Top Doc: OU-Tulsa’s Dr. Robert Block Leads American Academy of Pediatrics
Dr. Robert Block is taking his expertise in children’s medicine to a national level.
Dr. Block is moving from chairman of the pediatrics department at the University of Oklahoma Medical School to a three-year commitment leading the American Academy of Pediatrics. It’s a big step to a national podium to continue his work to improve medicine for children and prevent child abuse.
“It’s a terrific choice,” said Dr. Stephen Adelson, an eminent Tulsa pediatrician. A lot of the job is communication and Dr. Block “really can communicate with just about everybody,” Dr. Adelson said. He also noted that Dr. Block has become “one of the experts in the country on child abuse,” a major element of the AAP.
Another pediatrician, Dr. Liphard D’Souza, said, “Bob Block has done a great job for the University of Oklahoma Medical School and is a very dedicated physician.”
Dr. Block has begun his first year, as president-elect. Next October, he will become president. Then he’ll serve a third year as past president. Those three officers and the AAP chief executive form the executive committee of the organization, which has about 61,000 members nationwide.
Its job, Dr. Block says, is “to look after the health and well-being of children and adolescents.” That ranges from creating educational resources for doctors and the public, to writing policy papers on childhood health issues to helping pediatricians manage the business end of practices to lobbying in
Washington on child health matters.
The AAP also runs a website, healthychildren.org, which he says is a widely-used resource for parents to check on subjects from breastfeeding to car sickness to dealing with a recalcitrant 2-year-old.
But for the presidential regime “a large part of the job is advocacy,” he said, and in that role he will spend a lot of time traveling and in Washington, working with AAP’s government affairs people. AAP is very active, for instance, in First Lady Michelle Obama’s efforts to combat childhood obesity.
A major focus, Dr. Block said, is “trying to put policy into healthcare reform that would help children.” He said children compose 60-70 percent of Medicaid patients but get only 20 percent of the money — and about 7 million American children are uninsured.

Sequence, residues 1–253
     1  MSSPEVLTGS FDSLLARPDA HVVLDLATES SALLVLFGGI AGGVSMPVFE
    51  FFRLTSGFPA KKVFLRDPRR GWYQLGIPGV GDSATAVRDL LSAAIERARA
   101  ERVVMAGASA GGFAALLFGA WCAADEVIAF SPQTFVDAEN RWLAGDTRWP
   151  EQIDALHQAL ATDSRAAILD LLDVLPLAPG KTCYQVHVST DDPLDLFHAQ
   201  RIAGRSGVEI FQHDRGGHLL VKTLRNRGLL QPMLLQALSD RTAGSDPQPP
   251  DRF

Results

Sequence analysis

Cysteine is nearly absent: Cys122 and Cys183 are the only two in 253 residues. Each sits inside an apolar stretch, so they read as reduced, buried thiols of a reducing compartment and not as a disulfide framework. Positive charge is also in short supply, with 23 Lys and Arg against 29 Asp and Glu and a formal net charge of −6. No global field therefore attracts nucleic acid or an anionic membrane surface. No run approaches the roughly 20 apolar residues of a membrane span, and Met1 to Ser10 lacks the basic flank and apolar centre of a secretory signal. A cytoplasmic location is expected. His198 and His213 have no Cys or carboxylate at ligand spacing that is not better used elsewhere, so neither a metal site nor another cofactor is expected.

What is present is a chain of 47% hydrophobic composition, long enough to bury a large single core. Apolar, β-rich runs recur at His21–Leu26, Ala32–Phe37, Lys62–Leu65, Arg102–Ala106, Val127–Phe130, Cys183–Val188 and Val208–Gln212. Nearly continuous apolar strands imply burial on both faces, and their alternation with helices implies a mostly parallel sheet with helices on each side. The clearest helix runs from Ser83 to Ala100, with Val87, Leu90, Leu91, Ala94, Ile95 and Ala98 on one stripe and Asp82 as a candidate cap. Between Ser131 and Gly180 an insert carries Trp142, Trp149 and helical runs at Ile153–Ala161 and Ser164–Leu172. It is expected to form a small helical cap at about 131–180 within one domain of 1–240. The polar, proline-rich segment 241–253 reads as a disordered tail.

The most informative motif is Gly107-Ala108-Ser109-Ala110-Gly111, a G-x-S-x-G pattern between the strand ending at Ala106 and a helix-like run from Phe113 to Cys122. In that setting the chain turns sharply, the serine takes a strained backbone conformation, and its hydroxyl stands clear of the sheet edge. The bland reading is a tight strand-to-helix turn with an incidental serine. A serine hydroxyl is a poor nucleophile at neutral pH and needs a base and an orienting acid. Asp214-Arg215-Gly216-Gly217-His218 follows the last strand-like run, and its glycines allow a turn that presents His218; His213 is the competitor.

In Oklahoma, Dr. Block has been active in working with child abuse, and since 1989 has been the state’s chief child abuse examiner. He’ll continue that effort nationally.
A native of Iowa, Dr. Block received his medical degree in 1972 from the University of Pennsylvania and completed a pediatric residency at Philadelphia’s Children’s Hospital. Then Army service led him to Tulsa.
He was stationed at Ft. Leavenworth, Kan., and there met Dr. Dan Plunket, who was a major commander for pediatrics in the Army medical corps. They became good friends and when Dr. Plunket retired to Tulsa to be founding chairman of a pediatrics unit at what was then a new branch campus of the OU Medical School, he recruited Dr. Block to join him.
Dr. Block joined the University in 1975 and became chairman in 1996 when Dr. Plunket retired.
In addition to his teaching, as chairman, Dr. Block has overseen a pediatric clinic with 12,000 patients.
The AAP is one of two organizations for pediatricians. The other is the American Board of Pediatrics, which is a testing and certification body. He’s been active there, too — he is the founding chairman and member of its newest subspecialty, child-abuse pediatrics.
Priorities with the AAP include health-care reform, children of immigrants, immunization, oral health and early brain and early childhood development.
An increase in anti-vaccine sentiment has created some problems as many parents now refuse to have children vaccinated against such common childhood illnesses as whooping cough and measles. That led to “a small epidemic of whooping cough in California,” he said, and a problem when a child came into the country with measles and exposed others. AAP’s job, he said, “is to provide accurate scientific information” about vaccinations.
He said research is showing that such things as cardiovascular disease, diabetes and other medical conditions may be associated with childhood problems. Poverty, family acrimony, unstable families and such may trigger things that won’t show up “until you are 30 to 40 or 50 years old.”
He said AAP also has a campaign to try to make media less violent and less suggestive. He said he would “like to revisit” the era when there were things television could not put on prime time. But the media also needs to be used “to educate kids about safety and good decision-making,” he said. “There is so much bad stuff out there. We’d like to try to find a way to balance that.”
In Oklahoma, he has been outspoken on such matters and a regular resource for media reports on childhood problems.
He will continue to live in Tulsa during his service to AAP — “it’s kind of like working from home” — but will spend a good bit of time in the Chicago headquarters and in Washington, where healthcare is a continuing public policy concern.
Staying in Oklahoma will also keep him close to his two daughters, one in Tulsa, the other in Edmond. Neither is in the medical field. Both are married and delivered him grandchildren four days apart about two years ago — a grandson in Tulsa, a granddaughter in Edmond.
As for his election, it is “a terrific honor…a big challenge…a great adventure.”
He said, “I was honored to even be asked to run…let alone actually be president.”
But, he said, “It is a great way to extend my service toward the end of my medical career.”